PRIMA: A step towards a professorship
Female professors are still underrepresented at Swiss universities. PRIMA is a funding instrument from the Swiss National Science Foundation (SNSF) that provides women with targeted support in their academic careers. Last year, funding was awarded to three female researchers at the University of Basel.
This February, Dr. Elizabeth Mesok began her research in the Center of Gender Studies at the University of Basel – but the path that led her to this point was anything but straightforward. In 2013, she wrote her doctoral dissertation in American Studies on the role of gender in the US military’s strategy in Iraq and Afghanistan, after which she was offered a postdoc position at Harvard University. Her future plans were clear: she would secure a professorship. But she soon realized that this would be extraordinarily difficult. “Over the years, I sent out hundreds of applications, and I know many colleagues who went through similar experiences,” she explains. “To be honest, we weren’t prepared for the reality of the job market at all.”
Staying in academia
A few years later, personal circumstances brought her to Switzerland – where she also faced a challenging situation when it came to her career. In her quest for a way to remain in academia, she stumbled across the SNSF’s PRIMA funding instrument, which is aimed at outstanding female researchers and supports them on their journey towards a professorship. When the SNSF launched a call for PRIMA proposals in 2017, however, Mesok still wasn’t sure whether academia was right for her – after all, she knew how precarious an academic career could be.
“I was piecing things together, but I wanted something more stable and I felt as though I wasn’t living up to my full potential,” she explains. And so when another call for PRIMA proposals was issued the following year, she made a decision: she would apply in order to be able to continue with her teaching and research. The grants are worth CHF 1.3 million on average, which provides a salary for the researcher and funding for a research project over a period of five years.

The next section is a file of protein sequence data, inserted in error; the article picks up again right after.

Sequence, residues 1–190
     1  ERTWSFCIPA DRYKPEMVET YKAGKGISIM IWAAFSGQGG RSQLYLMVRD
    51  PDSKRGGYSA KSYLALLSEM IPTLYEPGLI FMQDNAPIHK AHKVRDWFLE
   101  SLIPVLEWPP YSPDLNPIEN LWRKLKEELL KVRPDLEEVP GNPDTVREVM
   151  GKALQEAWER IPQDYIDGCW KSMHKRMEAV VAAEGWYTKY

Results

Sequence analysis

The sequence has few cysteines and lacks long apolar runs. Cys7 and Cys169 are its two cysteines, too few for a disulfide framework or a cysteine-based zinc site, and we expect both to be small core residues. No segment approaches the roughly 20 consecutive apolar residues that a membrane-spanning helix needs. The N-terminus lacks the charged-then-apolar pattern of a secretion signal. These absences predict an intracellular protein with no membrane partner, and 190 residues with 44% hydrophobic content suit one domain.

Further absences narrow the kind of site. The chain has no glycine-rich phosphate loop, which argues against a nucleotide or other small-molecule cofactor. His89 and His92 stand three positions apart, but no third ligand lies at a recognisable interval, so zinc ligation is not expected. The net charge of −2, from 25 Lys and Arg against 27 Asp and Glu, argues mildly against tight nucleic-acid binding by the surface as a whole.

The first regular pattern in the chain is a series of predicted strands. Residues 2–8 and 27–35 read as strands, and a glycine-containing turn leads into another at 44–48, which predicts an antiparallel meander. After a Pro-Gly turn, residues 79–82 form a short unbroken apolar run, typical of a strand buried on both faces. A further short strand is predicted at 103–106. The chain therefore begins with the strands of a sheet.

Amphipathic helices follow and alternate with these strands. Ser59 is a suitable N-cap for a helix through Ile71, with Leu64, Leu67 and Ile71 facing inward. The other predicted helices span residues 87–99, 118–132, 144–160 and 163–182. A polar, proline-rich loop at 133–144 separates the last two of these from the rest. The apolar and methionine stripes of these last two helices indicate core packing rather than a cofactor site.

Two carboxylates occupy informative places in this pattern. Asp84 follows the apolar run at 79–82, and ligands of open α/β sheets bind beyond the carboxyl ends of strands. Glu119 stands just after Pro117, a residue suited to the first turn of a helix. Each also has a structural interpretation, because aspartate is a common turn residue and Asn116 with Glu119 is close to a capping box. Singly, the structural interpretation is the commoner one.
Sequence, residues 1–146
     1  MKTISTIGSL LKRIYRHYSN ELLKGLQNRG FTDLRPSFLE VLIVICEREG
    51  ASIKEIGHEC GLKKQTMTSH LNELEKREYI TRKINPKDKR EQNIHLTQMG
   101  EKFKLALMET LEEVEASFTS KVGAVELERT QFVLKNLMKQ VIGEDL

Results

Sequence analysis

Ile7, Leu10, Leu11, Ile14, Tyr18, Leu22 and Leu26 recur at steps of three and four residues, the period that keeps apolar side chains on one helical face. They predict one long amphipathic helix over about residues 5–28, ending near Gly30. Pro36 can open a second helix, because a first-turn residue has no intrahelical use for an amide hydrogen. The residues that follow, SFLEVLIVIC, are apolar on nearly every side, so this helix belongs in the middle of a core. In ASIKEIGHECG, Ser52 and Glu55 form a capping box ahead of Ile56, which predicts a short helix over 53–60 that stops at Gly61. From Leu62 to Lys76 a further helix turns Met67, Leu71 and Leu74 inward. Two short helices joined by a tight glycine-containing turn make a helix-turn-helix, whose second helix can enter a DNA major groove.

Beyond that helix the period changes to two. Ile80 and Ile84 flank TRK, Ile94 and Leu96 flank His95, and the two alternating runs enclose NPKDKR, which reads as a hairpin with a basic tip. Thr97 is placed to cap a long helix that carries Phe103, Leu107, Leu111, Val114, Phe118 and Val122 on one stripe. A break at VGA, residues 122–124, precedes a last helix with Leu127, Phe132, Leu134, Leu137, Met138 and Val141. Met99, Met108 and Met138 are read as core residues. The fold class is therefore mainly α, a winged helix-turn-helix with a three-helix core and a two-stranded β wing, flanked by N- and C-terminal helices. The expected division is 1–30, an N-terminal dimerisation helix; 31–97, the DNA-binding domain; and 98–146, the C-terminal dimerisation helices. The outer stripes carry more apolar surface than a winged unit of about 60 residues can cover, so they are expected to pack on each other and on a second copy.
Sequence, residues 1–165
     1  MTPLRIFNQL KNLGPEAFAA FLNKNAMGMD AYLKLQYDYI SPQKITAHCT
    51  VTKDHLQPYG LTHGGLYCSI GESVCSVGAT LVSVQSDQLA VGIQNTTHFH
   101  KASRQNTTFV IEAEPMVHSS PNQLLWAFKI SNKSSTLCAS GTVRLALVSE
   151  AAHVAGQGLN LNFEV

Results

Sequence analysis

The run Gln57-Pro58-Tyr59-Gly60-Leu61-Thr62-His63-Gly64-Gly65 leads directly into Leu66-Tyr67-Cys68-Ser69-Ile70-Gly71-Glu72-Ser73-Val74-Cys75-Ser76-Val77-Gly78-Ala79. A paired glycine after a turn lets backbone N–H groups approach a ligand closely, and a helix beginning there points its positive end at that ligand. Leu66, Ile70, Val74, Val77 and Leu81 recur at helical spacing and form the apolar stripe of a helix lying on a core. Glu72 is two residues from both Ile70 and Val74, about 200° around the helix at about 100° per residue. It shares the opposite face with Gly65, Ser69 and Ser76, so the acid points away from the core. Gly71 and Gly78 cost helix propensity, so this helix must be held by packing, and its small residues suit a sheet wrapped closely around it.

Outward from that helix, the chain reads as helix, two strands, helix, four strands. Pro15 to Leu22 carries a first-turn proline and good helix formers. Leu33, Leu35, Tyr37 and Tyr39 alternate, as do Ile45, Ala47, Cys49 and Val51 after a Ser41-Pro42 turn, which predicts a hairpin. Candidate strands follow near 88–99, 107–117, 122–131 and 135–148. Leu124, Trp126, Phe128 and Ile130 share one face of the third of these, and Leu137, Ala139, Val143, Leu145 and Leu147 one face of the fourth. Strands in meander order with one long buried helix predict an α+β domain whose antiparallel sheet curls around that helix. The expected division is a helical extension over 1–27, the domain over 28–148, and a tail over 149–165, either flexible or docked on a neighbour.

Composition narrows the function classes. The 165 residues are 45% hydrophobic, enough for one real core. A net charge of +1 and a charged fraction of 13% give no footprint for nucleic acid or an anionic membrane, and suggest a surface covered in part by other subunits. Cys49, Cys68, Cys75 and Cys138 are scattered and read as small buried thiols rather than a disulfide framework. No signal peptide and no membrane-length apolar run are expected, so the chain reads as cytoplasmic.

Combating “imposter syndrome”
The procedure is highly competitive. Statistically speaking, about 12% of applicants are awarded a grant – the success rate is higher for other funding instruments. In addition, at a year, the application process takes a relatively long time. “Sustaining hope over such a long period of time is really a mental game,” explains Mesok. Simply preparing the application was a very intensive process. “Afterwards, I joked that writing this proposal was harder than my whole dissertation,” laughs the researcher.
Mesok believes it can be difficult for women in particular to combat “imposter syndrome”, in which people constantly question their own abilities. “I’m a feminist theorist and went through the tough job market before I got this position, so this definitely shaped my perspective,” she explains. In her view, grants such as PRIMA are essential – and there’s no doubt that women are underrepresented in academia: “There are a lot of structural barriers to women’s advancement. Grants like these, if used properly, can help to change this situation.”
Mesok takes a realistic view of her current position and the associated career prospects. As with everything else in working life, a professorship is not guaranteed: “But I am beyond grateful for this extraordinary situation I’m in now and for the opportunities it gives me.” Her current research project is devoted to the topic of Gender, War and Security, and examines violence prevention strategies aimed specifically at women.
Mesok is keen to encourage future applicants. “The process is tough, but you get something out of it, even if you don’t get the grant in the end,” she explains. In addition, it’s also important to develop a constructive approach to failure: “Of course, it is easy for me to say that now, as I am sitting here with the grant, but it’s important to recognize that failure can be part of the process” Hope alone does not work, she says – but you still have to try.
Three grants for the University of Basel
In addition to Elizabeth Mesok, two further researchers at the University of Basel received PRIMA grants in 2019: Dr. Anne-Sophie Bories, who is carrying out research into the topic “Le Rire des vers,” and Dr. Daniela Landert, whose project is entitled “The Pragmatics of Improvised Drama Comedy.”
The next submission deadline for PRIMA grants is 1 November 2020. The University of Basel’s Career Advancement Office advises on questions about academic careers and the Grants Office assists PRIMA candidates with the application process.